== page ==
I have high hopes that AREDN can be part of my solution, but avoiding burnout is part of my current survival strategy.  I'd like your help ruling AREDN in or out for my EmComm application, and directing my next steps forward.  So please forgive me if I ask something that has an answer elsewhere.  You may have guessed people skills are not among my strengths.
All equipment mentioned is on hand, but not necessarily installed.  Mounting and battery management are challenging, but software/firmware is the critical missing piece.
(2)Permobil M3 corpus wheelchair equipped with HackRF One/Ham It Up SDR and linux terminal.  Currently Pi 400, 64bit Raspberry Pi OS, and 7" Android tablet Project Tango Development Kit.
I usually have a cell phone or data only SIM card in the tablet, but am frequently out of coverage area.  My wheelchair has Permobil Connect to locate it, but it has never been able to find a signal anywhere I have gone including my home.
(3)Mobile wheeled robot equipped with pair of FRS radios, IC T90A, Pi ZeroW or Jetson Nano, a rope, picnic basket, charging station, small selection of tools.
Robots are little more than RC hobby model cars with sensors, camera, mic, speaker, and telemetry link.  Many future questions about how to use it with AREDN.
Either of us can easily get stuck.  Trying to figure out how to deploy ground anchor from robot so I can pull myself out with rope.  Let me know if you have ideas.  
Also confused about how to apply FCC rules to this robot.  Fits many different categories of operation. Model, Telemetry, remote station control, automatic control, FRS ham repeater.  Am I allowed to talk to the FRS radios using my ham rig?  If I remotely watch camera/mic feed, necessary to steer robot toward people, I may inadvertently broadcast commercial, copyright, or obscenity that happens to be playing in the robot's environment, but for practical reasons cannot terminate the communication.  Does the minimal model ID requirement of a tag with contact info fulfil the ID requirement for the robot?  Or does it need to ID on air?  Am I allowed to control the robot and send its feeds (including non-licensed FRS) through a club repeater?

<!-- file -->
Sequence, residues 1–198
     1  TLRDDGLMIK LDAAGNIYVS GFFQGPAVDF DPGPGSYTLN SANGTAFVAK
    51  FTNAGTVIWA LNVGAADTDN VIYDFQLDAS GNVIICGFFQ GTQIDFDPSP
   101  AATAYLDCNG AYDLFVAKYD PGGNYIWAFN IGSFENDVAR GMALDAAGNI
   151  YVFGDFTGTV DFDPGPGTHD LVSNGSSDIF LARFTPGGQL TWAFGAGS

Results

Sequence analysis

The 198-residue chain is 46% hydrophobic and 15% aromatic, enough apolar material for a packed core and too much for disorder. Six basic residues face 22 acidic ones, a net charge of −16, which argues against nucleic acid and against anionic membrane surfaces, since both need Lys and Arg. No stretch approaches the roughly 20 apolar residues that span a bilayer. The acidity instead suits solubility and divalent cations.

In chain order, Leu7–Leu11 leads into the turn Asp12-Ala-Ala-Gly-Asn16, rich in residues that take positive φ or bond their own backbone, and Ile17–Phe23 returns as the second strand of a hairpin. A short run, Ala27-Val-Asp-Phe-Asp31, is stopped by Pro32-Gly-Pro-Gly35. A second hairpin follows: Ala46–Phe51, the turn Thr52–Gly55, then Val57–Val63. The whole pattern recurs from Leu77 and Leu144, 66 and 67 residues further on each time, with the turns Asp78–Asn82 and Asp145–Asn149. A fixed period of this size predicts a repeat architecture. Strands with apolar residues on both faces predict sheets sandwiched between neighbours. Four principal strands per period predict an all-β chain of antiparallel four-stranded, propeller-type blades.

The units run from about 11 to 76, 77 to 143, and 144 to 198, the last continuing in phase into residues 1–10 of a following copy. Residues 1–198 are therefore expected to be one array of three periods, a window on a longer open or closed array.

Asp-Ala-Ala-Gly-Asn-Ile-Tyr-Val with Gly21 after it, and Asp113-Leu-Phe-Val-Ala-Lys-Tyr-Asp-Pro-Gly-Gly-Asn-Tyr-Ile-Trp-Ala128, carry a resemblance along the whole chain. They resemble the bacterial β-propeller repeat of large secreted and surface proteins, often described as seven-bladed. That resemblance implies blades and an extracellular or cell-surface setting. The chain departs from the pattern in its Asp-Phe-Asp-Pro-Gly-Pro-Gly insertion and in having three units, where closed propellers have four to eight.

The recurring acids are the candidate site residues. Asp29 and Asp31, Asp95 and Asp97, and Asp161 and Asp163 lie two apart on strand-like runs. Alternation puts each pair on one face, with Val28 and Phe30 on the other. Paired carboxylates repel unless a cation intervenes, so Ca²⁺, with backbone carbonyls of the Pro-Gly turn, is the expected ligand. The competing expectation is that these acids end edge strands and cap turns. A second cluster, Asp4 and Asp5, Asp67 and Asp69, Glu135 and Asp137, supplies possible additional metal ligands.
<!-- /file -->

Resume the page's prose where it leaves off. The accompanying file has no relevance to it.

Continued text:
(4)Vehicle radio Yaesu FTM-100dr  Computer in vehicle varies with state of experiments.  None, Jetson Nano, Chromebook, or Pi ZeroW with
(5)Home Starlink internet, but no reliable phone coverage.
(6)Adventures include canoeing, nature trails, overnight camping, traversing the places in a city where sidewalks inexplicably end for a few blocks or a few feet.  Mostly these are solo, but sometimes with wife and young child.  One of the reasons for the robot car is to seek out alternative routes around blockages without draining chair batteries.   I'd like to drop pins identifying blocked passages, log and publish the route around them so other chair users in the area can better plan their travels.  In an emergency, ground truth about accessible routes could be important to someone. 
RC cars are fast, most wheelchairs are 5mph, 6.5 max.  Also, RC is fun for me and my child.  At some point, it may make sense to expand this to a flying drone for aerial images/placing antennae/placing temporary repeaters, but that is not among current plans.
K6AH's picture
That's pretty ambitious...


I have a Quickie Q500M, similar to your chair.  While I don't have anywhere near the ambitions you do, I do know a lot about AREDN.  I recommend rather than trying to address all you questions, I'll first ask that you read our documentation, start to finish at

Then you and I can connect 1:1 to begin to tackle your specific uses for the technology.

Andre, K6AH

Thanks, that sounds great.  I

Thanks, that sounds great.  I'm reading, but not absorbing like I used to.  I'm starting with an older GL-AR300M-Ext with dual flash on the chair.  It has GPIO, so triggering a message with that will be among the early goals.  Last firmware I built for it broke the dual flash update process, so this will be interesting.